By Amanda Coyne
Editor’s note: This story updates a previous version.
The much-discussed, much-disputed Bull Street baseball stadium and multi-use performance venue cleared its first hurdle Tuesday as Columbia City Council approved a licensing agreement between the city and Hardball Capital with a 4 to 3 vote. But the session lasting more than four hours was not without drama. Some residents spoke passionately against the plan, motions were made to delay the vote and tension between Councilwoman Leona Plaugh and Mayor Steve Benjamin was palpable.
The two approved ordinances establish development agreements with Hardball Capital and Hughes Enterprises, which will provide less than a quarter of the project’s funding combined. The city is on the hook for $29 million of the $38 million project. Bonds backed by hospitality tax revenue will be used to pay for the stadium, but taxes will not be increased, Benjamin said. Hardball will provide $6 million, and Hughes will provide $3 million.
The entire Bull Street project — including the infrastructure already committed to and the newly approved stadium — is projected to cost $137 million over the next 30 years, when financing is taken into account.
Plaugh, Tameika Isaac Devine and Moe Baddourah were the three council members who voted against the plan. While Baddourah was against the proposal outright, Devine expressed willingness to revisit the plans at a later date if the council reviewed additional studies concerning the benefits and risks of building a minor league baseball stadium and conducted a cost-benefit analysis. She expressed considerable concern with the proposed 2015 opening date of the stadium, calling it “aggressive, but unrealistic.”
In her efforts to delay the vote on the stadium and performance venue, Plaugh also called for a more thorough analysis of risks and benefits, as well as to incorporate affordable housing projects into the Columbia Commons area, of which the stadium would be a part.
Community turnout for the vote was high; the Columbia City Council chambers were packed full, with people crowding onto benches and standing against walls. More than a dozen Columbia residents and community leaders made impassioned pleas both for and against the stadium’s construction. Multiple young professionals approached the podium to say the stadium would help retain more recent college graduates and, in turn, attract more business growth. Parents and grandparents said they could see their families growing up going to baseball games at the stadium.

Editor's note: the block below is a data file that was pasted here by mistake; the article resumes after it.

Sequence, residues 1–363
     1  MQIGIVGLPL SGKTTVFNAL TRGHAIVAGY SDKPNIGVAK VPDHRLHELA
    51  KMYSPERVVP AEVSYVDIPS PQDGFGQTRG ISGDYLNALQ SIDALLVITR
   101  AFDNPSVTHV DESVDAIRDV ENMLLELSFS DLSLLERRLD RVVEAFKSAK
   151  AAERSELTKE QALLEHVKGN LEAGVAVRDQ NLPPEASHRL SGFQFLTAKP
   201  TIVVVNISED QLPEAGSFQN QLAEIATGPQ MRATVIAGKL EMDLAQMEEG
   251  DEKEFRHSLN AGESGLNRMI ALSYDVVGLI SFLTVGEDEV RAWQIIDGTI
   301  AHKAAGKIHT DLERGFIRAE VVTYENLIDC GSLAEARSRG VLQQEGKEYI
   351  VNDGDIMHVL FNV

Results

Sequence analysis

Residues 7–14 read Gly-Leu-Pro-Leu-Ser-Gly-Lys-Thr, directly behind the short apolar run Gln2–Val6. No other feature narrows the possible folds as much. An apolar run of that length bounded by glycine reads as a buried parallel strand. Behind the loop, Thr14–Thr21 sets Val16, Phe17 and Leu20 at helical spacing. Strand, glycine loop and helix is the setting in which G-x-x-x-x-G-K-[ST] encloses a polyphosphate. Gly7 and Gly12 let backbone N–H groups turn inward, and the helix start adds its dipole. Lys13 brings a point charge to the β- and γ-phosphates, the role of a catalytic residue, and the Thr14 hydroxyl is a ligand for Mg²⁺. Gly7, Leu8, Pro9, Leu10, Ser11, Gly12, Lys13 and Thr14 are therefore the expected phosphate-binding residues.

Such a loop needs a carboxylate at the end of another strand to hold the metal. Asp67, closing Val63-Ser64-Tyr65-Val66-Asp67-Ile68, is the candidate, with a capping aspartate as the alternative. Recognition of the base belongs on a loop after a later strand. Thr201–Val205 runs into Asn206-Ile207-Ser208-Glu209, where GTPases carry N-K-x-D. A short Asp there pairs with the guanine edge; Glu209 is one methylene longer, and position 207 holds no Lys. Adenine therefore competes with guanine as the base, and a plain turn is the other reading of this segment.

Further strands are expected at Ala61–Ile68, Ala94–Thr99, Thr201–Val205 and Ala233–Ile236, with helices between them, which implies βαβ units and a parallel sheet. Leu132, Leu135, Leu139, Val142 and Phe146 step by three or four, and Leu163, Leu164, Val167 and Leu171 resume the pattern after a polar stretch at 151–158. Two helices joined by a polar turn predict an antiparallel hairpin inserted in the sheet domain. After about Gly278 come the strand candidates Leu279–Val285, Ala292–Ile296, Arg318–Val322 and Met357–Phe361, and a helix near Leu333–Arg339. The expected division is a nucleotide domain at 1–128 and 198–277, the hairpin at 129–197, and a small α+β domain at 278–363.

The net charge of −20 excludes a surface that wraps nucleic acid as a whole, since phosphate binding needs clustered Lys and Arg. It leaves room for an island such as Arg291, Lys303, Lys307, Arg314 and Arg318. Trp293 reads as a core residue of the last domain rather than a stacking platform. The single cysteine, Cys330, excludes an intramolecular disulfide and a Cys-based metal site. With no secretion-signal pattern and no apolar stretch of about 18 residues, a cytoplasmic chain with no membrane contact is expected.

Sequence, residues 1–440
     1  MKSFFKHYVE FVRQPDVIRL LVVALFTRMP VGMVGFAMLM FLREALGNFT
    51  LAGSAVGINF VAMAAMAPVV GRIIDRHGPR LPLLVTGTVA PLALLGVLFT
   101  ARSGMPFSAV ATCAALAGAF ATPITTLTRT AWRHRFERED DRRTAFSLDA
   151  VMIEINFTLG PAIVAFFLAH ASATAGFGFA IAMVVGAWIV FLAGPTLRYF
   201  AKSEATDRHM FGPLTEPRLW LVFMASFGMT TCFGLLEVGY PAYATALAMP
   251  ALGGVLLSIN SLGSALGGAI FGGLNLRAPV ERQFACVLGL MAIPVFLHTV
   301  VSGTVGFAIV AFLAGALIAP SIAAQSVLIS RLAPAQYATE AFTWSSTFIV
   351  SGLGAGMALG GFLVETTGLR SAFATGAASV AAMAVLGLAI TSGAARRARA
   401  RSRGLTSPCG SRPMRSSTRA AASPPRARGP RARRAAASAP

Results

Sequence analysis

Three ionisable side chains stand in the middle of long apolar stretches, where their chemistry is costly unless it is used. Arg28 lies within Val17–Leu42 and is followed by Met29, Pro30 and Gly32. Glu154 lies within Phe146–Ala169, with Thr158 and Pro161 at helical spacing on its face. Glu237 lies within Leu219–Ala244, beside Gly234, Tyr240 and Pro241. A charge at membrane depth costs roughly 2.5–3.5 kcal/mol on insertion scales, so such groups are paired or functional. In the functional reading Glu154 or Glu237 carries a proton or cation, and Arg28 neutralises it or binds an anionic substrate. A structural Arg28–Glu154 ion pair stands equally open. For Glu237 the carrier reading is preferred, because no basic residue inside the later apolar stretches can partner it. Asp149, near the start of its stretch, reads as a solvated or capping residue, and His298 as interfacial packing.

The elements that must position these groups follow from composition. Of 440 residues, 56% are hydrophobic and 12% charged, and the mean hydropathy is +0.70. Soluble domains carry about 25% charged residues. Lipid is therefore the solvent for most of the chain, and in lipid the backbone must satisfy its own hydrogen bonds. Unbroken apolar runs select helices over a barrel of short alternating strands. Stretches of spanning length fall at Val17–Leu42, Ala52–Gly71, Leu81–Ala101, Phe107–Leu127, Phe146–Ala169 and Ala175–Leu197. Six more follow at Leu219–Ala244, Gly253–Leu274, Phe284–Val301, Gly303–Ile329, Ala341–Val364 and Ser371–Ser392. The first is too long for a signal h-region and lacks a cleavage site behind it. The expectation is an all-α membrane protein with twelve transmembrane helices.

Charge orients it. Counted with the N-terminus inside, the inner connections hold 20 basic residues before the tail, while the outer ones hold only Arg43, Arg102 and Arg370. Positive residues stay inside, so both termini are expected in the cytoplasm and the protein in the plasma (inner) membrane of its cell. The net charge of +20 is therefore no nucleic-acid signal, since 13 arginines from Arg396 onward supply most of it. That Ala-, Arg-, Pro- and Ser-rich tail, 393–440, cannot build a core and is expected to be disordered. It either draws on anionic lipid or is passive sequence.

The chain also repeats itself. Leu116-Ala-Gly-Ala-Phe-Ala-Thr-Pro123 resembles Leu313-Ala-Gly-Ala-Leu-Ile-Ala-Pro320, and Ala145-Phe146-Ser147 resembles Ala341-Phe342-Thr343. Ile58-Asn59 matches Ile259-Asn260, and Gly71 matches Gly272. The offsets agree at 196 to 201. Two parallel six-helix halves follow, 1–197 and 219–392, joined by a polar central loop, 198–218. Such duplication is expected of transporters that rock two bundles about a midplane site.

But others said the plan was too hastily made and that the money would be better used elsewhere. Residents complained of roads peppered with potholes, outdated park and community center facilities and decades-old water and sewage systems. Baddourah agreed, saying that spending so much on the stadium project was like putting all the city’s eggs in one basket and could deter new businesses from coming to Columbia.
Speaking about the effects on hospitality tax revenue and whether the city will have the ability to fund new requests, Baddourah said: “Newcomers will not be welcome because there will be no money ... unless the eggs start hatching chickens all over the place.”
Kit Smith, a 20-year veteran of the Richland County Council, spent several minutes enumerating many things she said were lacking from the plans. She went well over her allotted time, clearly antagonizing Mayor Benjamin.
Resident Edith Watley called the arrangement between the city and Hardball a “sweetheart deal” in which Columbia got the short end of the stick.
“I wish I had their negotiators when I was getting divorced,” Watley said.